Climate Conversations Inspire Us
To take the climate emergency seriously and act accordingly, we need to be bold, imaginative, mindful. Since 2016, with dedication and passion, the CASM Climate Corps teams of high school and college students—determined environmental leaders and climate protectors—have engaged thousands of Santa Monica residents, visitors, workers and students in “climate conversations.” Building on that history and following their own training, the 2018 team of nineteen diverse, multilingual youth devoted eight weeks of summer to engage the public about our climate crisis and to show how individuals and families can take positive action and informed about City or regional programs and resources.
Working at local, popular sites and events, such as the 4th of July celebration at Santa Monica College, weekly farmers markets, and the National Night Out, the Climate Corps invited over 1800 people into climate conversations to inform and inspire people to make daily choices to use public transit, walk, ride a bike, reduce water and energy consumption, increase plant-based eating, or practice zero-waste. With 64% of the City’s greenhouse gas emissions coming from transportation, the Climate Corps paid particular attention to encouraging residents and visitors to use active transportation and to learn about the SaMo Safe Streets Alliance, which that CASM and Spoke have co-founded with the NRDC.
The discussions previewed the City’s new Climate Action and Adaptation Plan (CAAP) and led to surveying 923 people in summer 2018, channeling their community voices to inform City staff and the City council and to programs and policies, including the plastic straw ban and the CAAP.
Some interesting 2018 findings include:
• Support for Santa Monica’s plastic straw ban was strong with almost two-thirds of respondents agreeing with the policy.
• More than two thirds of respondents said that climate change factors into their daily life choices.
• When asked if they would be willing to make a climate pledge, four in ten respondents agreed to make one or more. Although short showers and a meatless day appeal to most people, they also voiced a willingness to use sustainable transit and start composting.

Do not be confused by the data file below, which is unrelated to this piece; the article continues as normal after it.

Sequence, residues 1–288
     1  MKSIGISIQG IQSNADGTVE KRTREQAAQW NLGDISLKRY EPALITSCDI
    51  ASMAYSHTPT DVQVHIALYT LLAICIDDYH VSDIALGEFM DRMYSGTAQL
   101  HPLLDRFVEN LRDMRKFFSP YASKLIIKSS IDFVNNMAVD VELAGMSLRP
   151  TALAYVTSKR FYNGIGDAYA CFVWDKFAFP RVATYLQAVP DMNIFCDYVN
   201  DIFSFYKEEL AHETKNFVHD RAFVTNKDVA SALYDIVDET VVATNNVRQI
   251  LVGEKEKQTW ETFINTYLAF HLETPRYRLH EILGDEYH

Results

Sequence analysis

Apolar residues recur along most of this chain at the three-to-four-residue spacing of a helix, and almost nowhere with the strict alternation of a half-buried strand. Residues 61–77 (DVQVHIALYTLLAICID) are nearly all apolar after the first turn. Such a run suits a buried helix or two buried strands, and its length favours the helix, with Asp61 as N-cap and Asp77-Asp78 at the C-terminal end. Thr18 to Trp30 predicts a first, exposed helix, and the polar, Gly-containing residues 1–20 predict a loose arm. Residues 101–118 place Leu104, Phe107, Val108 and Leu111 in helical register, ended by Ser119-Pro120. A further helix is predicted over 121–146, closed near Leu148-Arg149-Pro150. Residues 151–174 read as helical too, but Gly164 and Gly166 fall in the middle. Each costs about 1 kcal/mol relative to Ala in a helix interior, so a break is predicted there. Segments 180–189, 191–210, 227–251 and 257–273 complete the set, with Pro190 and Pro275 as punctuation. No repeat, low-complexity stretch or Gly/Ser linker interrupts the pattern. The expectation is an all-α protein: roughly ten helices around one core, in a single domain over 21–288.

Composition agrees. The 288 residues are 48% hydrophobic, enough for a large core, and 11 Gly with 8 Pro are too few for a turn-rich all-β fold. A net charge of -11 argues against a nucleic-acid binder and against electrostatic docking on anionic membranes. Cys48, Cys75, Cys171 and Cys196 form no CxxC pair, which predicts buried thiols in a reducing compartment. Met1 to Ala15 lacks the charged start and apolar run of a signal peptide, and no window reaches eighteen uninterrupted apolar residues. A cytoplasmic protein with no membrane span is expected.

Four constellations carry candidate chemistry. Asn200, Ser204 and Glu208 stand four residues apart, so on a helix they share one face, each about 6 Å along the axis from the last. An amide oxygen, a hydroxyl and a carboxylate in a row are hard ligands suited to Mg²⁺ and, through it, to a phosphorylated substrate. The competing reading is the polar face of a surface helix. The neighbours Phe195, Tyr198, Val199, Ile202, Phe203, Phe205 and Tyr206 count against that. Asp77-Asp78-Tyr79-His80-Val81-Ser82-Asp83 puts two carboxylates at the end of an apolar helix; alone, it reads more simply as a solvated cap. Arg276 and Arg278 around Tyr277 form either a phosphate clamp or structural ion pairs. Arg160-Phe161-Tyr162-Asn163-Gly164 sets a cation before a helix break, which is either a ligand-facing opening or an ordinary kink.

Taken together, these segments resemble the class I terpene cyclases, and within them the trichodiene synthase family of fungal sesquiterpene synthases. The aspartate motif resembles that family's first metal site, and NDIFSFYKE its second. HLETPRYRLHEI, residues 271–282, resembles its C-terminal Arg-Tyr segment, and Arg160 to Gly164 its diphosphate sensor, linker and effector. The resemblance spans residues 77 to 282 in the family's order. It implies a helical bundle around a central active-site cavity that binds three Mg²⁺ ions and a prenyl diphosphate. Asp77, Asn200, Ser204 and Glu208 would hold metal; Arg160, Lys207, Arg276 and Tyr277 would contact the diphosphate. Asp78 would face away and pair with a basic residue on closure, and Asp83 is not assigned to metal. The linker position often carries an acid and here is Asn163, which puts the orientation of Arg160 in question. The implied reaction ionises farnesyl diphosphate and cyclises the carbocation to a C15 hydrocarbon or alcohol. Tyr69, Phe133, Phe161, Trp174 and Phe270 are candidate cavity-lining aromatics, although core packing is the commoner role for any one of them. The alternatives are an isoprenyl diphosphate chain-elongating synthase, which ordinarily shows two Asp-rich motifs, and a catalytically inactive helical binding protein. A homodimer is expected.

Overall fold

For those of us working to beat back the threats coming from the intense global warming, this level of enthusiasm and interest is inspiring. It says “Yes, change IS possible.” The Climate Corps has helped build community based upon valuing that each person could lighten one’s carbon footprint and contribute to communal resiliency to meet the challenge.
Additionally, to extend their reach, each of the 2018 CASM Climate Corps developed individual projects, such as working on Millennial voting with Congresswoman Karen Bass or developing a pamphlet on green buildings. The CASM Climate Corps youth were also selected as Al Gore’s Climate Reality Leaders and have presented at conferences of the Junior States of America and the California Science Teachers Association.
The CASM Climate Corps is buoyed by collaboration and support from many organizations and individuals including the City of Santa Monica, the Santa Monica Farmers Markets, Team Marine at SaMoHI, Santa Monica Spoke, Sustainable Works, Santa Monica College, and Community Corporation, as well as individual and business donors. The CASM Climate Corps have been commended by the City of Santa Monica, Los Angeles County, and have received recognition from various regional and state organizations and institutions.
“My deepest gratitude goes out to the amazing and dedicated people who have helped Climate Action Santa Monica Climate Corps work tirelessly
to produce creative projects, new strategies to collect data, and constantly find ways to communicate sustainability with those of any age or background.
Seeing how this beautiful city and bay has adapted to important issues such as sea level rise, warmer climate, ocean pollution, and more, has inspired
and motivated me to help restore the beauty and life to places and people impacted by climate change who otherwise don’t have a voice.”
— Amy Southern, CASM Climate Corps 2017 and 2018